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Beyond Labels: 10 Things You Should Know About GMOs
Walk into any grocery store and you'll see lots of different labels plastered across a variety of food packaging. And without additional information accompanying these labels (what does "all natural" actually mean?), they may cause more confusion than clarity, as well as increase the cost of a food product.
We know you have questions about GMOs – from the safety of GMOs, to why farmers and food companies use them, to what foods (or food ingredients) were developed using genetic engineering. Here we break down 10 things you should know about GMOs so that you can decipher any non-GMO and GMO labels with ease.
1. Yes, GMOs are safe
Thousands of studies have concluded GMOs are safe, including a recent analysis from the National Academies of Sciences, Engineering and Medicine (NAS) that researched this very same question and again concluded: Yes, GMOs are safe
Additionally, the U.S. Drug and Food Administration, American Medical Association, World Health Organization, Academy of Nutrition and Dietetics, The American Medical Association and many other international organizations have also reviewed and confirmed biotech foods are safe.
Genetically modified (GM) food products and food ingredients have been evaluated and approved for food and feed import globally, and consumed for 20 years with zero food safety incidents.
2. There are only 9 GMO crops commercially available (apples are coming soon)
Wondering what a GMO is and what it isn't? There are only nine GMO crops sold commercially in the US: Alfalfa, Canola, Corn (field and sweet), Cotton, Papaya, Potatoes, Soybeans, Squash, and Sugar Beets. GMO apples are approved and coming to market soon. Some of these crops, like papaya, are typically consumed whole, while others, like sugar beets, soy beans and field corn, are processed into ingredients found in common food products.
This graphic below lists the characteristics and genetic traits in GMOs.
3. Most foods don't have a GMO counterpart
You can buy GMO-free water and salt - but here's the catch: it's not possible for either to be a GMO in the first place! Even though these products and many others aren't among the nine GMO crops that are commercially sold in the US, you may still see a certified GMO-free label - and additional cost - on products like these.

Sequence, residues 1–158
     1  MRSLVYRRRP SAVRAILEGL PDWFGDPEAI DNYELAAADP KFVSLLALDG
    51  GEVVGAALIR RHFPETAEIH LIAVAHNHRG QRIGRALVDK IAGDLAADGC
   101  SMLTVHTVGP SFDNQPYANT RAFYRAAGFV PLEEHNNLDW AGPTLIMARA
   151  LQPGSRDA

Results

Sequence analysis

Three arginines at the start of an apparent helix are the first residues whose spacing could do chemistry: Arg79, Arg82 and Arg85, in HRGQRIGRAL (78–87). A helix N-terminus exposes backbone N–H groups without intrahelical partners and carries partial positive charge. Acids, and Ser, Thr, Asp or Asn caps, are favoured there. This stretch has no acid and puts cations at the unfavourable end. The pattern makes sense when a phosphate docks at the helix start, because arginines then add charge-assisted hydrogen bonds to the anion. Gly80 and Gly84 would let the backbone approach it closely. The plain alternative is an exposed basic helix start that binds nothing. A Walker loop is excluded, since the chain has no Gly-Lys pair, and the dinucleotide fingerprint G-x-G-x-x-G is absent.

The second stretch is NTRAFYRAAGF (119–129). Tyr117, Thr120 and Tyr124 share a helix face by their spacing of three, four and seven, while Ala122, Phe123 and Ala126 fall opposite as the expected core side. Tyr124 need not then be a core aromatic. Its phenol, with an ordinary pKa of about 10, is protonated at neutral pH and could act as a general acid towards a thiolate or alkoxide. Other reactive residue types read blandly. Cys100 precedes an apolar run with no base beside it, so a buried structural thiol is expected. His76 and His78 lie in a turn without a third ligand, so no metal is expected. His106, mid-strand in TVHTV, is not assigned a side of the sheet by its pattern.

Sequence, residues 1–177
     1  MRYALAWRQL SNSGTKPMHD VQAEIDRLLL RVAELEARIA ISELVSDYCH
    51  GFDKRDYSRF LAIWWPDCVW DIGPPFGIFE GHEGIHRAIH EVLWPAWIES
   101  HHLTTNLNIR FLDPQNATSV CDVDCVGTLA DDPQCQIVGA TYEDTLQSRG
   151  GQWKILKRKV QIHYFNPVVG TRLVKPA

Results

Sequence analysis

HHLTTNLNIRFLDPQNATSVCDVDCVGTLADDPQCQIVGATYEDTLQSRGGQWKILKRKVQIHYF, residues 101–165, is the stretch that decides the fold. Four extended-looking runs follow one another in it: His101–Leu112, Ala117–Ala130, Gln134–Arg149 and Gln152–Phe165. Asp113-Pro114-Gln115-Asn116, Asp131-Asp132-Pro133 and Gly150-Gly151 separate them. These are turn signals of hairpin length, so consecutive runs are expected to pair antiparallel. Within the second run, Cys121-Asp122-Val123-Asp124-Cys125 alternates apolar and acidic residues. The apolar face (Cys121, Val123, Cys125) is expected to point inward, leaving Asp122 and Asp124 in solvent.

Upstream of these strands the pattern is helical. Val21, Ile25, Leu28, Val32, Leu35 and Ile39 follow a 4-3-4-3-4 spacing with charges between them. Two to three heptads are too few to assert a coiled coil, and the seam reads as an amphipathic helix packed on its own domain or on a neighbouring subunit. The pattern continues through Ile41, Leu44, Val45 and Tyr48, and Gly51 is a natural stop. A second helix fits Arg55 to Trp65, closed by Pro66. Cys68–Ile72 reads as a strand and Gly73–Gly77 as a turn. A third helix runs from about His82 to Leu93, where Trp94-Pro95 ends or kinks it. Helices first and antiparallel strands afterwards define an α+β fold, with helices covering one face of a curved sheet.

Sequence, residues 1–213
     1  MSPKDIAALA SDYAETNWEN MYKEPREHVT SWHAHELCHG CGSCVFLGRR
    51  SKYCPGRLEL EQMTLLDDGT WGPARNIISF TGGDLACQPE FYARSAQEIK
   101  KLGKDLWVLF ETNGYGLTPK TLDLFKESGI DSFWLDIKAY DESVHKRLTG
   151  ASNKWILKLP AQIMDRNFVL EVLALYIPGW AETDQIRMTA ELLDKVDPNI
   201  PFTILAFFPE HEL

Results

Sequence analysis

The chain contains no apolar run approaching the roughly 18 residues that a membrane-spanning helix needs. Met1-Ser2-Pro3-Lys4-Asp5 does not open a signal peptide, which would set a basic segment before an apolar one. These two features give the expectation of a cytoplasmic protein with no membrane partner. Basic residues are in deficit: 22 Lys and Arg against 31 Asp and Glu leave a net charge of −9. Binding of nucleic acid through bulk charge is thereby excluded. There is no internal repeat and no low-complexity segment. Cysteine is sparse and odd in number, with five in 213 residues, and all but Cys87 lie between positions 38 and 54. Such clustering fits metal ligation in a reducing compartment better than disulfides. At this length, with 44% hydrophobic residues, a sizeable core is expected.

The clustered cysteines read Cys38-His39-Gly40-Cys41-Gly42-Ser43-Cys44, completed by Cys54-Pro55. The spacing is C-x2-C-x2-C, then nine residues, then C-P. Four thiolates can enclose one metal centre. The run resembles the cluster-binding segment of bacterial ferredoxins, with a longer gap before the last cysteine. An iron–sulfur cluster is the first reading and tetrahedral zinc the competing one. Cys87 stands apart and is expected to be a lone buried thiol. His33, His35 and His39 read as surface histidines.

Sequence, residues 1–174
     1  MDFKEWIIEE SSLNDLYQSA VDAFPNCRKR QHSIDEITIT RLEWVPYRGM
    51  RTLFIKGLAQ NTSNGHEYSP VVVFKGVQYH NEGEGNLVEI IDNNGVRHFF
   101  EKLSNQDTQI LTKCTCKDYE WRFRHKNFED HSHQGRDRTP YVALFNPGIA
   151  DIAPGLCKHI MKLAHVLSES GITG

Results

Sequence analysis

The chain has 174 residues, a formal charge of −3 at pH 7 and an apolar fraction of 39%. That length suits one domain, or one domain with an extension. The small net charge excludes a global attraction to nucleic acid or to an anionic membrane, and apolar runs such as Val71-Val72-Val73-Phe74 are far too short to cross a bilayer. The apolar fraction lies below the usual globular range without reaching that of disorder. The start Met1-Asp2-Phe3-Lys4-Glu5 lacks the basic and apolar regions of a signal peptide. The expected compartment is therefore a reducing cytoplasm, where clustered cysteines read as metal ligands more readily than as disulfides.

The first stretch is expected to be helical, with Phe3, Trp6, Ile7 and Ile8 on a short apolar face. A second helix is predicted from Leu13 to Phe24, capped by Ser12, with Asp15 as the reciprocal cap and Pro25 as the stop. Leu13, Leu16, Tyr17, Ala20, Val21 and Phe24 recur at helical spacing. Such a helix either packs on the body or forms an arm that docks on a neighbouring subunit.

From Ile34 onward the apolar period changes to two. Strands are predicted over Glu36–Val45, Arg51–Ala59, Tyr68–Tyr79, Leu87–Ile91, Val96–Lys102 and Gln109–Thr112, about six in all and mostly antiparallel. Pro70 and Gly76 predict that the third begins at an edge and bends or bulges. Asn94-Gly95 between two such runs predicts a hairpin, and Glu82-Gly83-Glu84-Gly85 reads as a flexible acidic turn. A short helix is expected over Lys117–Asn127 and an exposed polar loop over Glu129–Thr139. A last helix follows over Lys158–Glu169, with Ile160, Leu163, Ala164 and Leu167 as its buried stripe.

4. Genetic modification in crops is not new
Farmers have been modifying the genetic makeup of crops for thousands of years. See how crop domestication and modification developed over time.
5. Improving a plant doesn't automatically make it a GMO
Cotton candy grapes, pluots and seedless watermelons are all GMOs right? Nope – they're developed through a range of seed improvement techniques that aren't GMO. Learn in this chart four common ways varieties of plants are created.
6. GMOs go through extensive research and testing before coming to market
It requires a tremendous investment of both time and resources to commercialize a new biotech crop. On average, GMOs take 13 years and $130 million of research and development before coming to market. The regulatory process alone can take five to seven years.
As one of the GMO Answers experts explained, "While that price tag is significant, so are the losses from pests, diseases and other issues that these new traits are designed to help farmers combat. For example, the U.S. Department of Agriculture has estimated corn rootworm causes $1 billion in damage to the U.S. corn crop alone each year. By delivering traits that can fight these pests, it increases farmers' productivity."
7. GMOs don't cause allergies
According to the National Academies of Sciences, GMOs have not caused a single sniffle, sneeze or bellyache. How are GMOs tested for allergies? Before a GMO is created, the desired trait is screened against all known human allergens to confirm it does not introduce a new allergen. Check out this infographic to learn how researchers look at over 1,950 genes to ensure quality and safety.
8. Why do we need GMOs?
Farmers choose to use GMOs to reduce the impact of agriculture on their environment and reduce their costs — by applying pesticides in more targeted ways, for example. Farmers have also used GMOs to save a crop – such as Hawaiian papaya — that was being threatened by a disease.
9. GMOs help protect our environment
Many misconceptions might fuel the belief that GM crops aren't environmentally sustainable, but in reality many of the practices often affiliated with sustainable farming are used with GM crops.
Fewer pesticide applications, conservation tillage (which reduces greenhouse gas emissions) and water conservation are all practices that can be used with GM crops.
10. Get to know GMOs … No, really!
Most Americans don't know much about GMOs, according to a recent survey conducted by researchers from the University of Pennsylvania's Annenberg Public Policy Center and the University of Wisconsin at Madison's Department of Life Sciences Communication. The report states:
".., Most Americans are unaware of the scientific consensus that there is no substantiated evidence showing that genetically modified foods are unsafe. And a majority of the public (58 percent) acknowledges having only a fair or poor understanding of genetically modified organisms (GMOs)."
We want to help you understand GMOs and do a better job answering your questions, no matter what they are. We stand 100 percent behind the health and safety of the GM crops on the market today, but we acknowledge that we haven't done the best job communicating about them – what they are, how they are made, what the safety data says.
Join us. Ask tough questions. Be skeptical. Be open. We look forward to sharing answers.